With buyer-friendly qualifications, lower down payments and reduced interest rates, it’s no wonder FHA loans are one of the most popular types of mortgages. FHA loans can sometimes open doors for first-time homeowners and those with lower credit scores. The Federal Housing Administration, a government agency, insures mortgages, which helps reduce the risk of loss for lenders. If you’re in the market to buy a home, learn more about FHA loans to find out if one is right for you.
The Federal Housing Authority sets some basic requirements to qualify for an FHA home loan. You must have a valid Social Security number and be a U.S. resident. You must also have been working for the same employer for the past two years. Other requirements include being old enough to sign a mortgage in your state, as well as some other qualifications that are state-specific. These loans are only available for primary residences, and you’ll need a minimum down payment of at least 3.5 percent.
Ease of Qualifying
Buying your first home can be financially daunting, especially if you’re young and haven’t had a lot of time to save up for a significant down payment. An FHA loan helps ease the process because the mortgage is insured, making it a useful tool when purchasing a starter home. Residents in disadvantaged neighborhoods or those whose credit scores are less than perfect can also have an easier time getting approved for an FHA loan than for a traditional mortgage.
Low Down Payments
FHA loans typically require smaller down payments than conventional loans. Your credit score will determine exactly how much you’ll need. VantageScores range from 300 to 850. A higher number indicates less risk for the lender. If your credit score is 580 or higher, a down payment of only 3.5 percent is required for an FHA home loan. A down payment of at least 10 percent is necessary if your credit score falls between 500 and 579.
All hope may not be lost if your credit score is below 500 — consult with a FHA loan specialist to see if you qualify for any special circumstances or allowances. For example, a family member may apply to be a non-occupant co-borrower or co-signer, which can help to reduce the risk of the loan if your credit is less than adequate. Any family member with a responsible credit history can apply, including a spouse, parent, child, sibling, aunt, uncle, niece, nephew and stepchild.
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FHA Approved Lenders
The Federal Housing Authority does not provide the actual loans. It simply insures the funds. You must obtain the mortgage from an FHA-approved lender. There is no uniformity between these lenders, so aspects like interest rates, costs and services can vary. Although interest rates for FHA loans are usually lower than for traditional mortgages, it’s still best to shop around to make sure you’re receiving the best value.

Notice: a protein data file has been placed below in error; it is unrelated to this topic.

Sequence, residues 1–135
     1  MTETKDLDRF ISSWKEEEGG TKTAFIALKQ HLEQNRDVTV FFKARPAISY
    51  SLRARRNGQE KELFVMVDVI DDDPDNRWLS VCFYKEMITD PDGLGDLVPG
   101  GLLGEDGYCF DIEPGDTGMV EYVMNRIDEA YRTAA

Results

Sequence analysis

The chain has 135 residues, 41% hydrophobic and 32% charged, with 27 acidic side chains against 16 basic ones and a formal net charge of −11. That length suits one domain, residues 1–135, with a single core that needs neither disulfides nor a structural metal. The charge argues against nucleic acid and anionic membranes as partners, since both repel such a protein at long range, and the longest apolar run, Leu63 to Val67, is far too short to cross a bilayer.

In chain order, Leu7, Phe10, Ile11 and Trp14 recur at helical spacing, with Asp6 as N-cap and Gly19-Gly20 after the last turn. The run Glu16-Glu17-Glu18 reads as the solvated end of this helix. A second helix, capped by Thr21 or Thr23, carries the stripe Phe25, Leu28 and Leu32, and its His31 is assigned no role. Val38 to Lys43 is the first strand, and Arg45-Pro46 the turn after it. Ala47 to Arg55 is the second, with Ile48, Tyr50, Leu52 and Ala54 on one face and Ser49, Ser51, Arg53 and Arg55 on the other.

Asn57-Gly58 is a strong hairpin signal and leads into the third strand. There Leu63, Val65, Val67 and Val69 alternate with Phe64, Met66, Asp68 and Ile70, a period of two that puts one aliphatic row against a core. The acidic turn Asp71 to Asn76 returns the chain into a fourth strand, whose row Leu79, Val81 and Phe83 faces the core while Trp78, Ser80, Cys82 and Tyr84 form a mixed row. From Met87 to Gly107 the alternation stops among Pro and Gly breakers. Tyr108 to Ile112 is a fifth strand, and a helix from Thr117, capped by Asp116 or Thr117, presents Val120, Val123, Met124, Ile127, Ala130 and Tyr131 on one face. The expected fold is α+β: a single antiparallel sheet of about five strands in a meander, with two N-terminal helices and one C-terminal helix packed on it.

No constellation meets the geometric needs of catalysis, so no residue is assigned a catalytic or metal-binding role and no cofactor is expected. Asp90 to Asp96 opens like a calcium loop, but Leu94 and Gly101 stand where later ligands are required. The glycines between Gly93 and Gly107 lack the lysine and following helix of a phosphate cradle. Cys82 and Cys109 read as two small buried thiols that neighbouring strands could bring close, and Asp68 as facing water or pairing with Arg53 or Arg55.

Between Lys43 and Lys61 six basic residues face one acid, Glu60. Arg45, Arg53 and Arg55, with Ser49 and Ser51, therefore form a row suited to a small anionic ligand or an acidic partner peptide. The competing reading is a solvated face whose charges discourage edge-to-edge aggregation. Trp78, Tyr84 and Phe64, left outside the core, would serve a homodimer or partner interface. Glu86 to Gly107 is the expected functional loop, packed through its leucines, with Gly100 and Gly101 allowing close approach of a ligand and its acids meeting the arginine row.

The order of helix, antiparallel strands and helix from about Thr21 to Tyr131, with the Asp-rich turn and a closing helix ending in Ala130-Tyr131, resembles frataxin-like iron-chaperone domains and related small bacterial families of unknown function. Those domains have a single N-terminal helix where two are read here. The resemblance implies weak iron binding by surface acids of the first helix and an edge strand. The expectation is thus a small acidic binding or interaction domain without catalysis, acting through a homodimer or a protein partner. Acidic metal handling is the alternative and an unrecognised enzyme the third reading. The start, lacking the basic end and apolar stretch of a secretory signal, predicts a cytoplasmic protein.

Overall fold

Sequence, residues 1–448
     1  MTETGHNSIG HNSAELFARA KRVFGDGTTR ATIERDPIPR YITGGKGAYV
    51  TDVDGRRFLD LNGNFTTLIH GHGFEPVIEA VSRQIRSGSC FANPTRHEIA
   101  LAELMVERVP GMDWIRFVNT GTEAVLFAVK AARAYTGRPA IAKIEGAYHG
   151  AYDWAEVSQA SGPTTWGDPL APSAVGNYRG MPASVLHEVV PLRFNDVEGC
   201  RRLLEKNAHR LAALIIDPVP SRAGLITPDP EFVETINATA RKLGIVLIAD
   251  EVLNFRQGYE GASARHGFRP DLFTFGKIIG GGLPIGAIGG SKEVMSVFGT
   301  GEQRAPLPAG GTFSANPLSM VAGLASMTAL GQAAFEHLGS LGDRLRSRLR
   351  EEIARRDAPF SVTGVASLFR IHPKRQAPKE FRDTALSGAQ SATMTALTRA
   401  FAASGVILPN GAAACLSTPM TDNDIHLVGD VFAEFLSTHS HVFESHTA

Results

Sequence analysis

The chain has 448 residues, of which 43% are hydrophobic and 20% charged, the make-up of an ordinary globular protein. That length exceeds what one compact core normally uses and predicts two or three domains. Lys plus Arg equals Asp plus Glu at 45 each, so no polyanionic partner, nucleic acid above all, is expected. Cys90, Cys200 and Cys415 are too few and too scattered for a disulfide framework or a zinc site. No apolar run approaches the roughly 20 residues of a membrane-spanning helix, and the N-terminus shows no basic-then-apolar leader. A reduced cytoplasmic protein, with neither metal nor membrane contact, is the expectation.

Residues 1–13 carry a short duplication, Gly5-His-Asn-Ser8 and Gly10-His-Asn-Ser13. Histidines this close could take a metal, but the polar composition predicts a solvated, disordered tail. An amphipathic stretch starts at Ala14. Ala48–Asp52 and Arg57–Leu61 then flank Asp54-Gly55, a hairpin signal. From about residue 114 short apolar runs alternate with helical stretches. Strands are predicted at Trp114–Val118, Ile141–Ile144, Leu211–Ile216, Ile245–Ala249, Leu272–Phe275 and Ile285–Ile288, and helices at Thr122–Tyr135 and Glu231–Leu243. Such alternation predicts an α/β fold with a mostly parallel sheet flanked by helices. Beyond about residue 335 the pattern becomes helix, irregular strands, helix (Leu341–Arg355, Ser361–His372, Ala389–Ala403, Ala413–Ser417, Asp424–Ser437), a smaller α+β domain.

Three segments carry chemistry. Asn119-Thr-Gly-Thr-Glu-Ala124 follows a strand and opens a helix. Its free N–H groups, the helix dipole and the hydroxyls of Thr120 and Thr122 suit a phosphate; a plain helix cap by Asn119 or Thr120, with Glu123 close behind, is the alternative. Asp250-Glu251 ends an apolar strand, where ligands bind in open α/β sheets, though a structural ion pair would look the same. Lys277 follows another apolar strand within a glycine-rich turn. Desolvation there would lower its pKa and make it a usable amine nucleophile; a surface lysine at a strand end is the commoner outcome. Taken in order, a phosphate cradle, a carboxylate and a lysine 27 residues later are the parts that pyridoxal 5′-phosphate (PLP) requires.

Low or No Closing Costs
Closing costs such as appraisal fees, inspections, credit reports and broker commissions can really add up, but these costs are usually lower with an FHA loan. The costs may even be covered by the selling party, such as the builder, as an incentive to buy. Consult with your lender to determine what closing costs you may be responsible for.
FHA loans include two separate insurance premiums. The upfront premium, which is paid when you get the loan, is 1.75 percent of the total loan amount. The second premium is the annual premium and this amount is based on the size of the loan, its length and the initial loan-to-value ratio (LTV Ratio). The LTV Ratio is a comparison between the value of the loan and the value of the home. A lower LTV Ratio equates to less risk for the lender and therefore, lower interest rates. The annual premium is paid monthly.
Cash for Repairs
An FHA loan can also provide financial assistance for home repairs. This special loan product offered by the FHA is called a 203(k). The amount of the loan is usually based on the projected value of the home after the repairs are made. Financing options are available for structural and nonstructural repairs. The foundation, roof or walls of the house are examples of structural repairs whereas nonstructural repairs usually refer to the interior of the home, such as new carpeting, updating the kitchen or replacing the bathroom sink.
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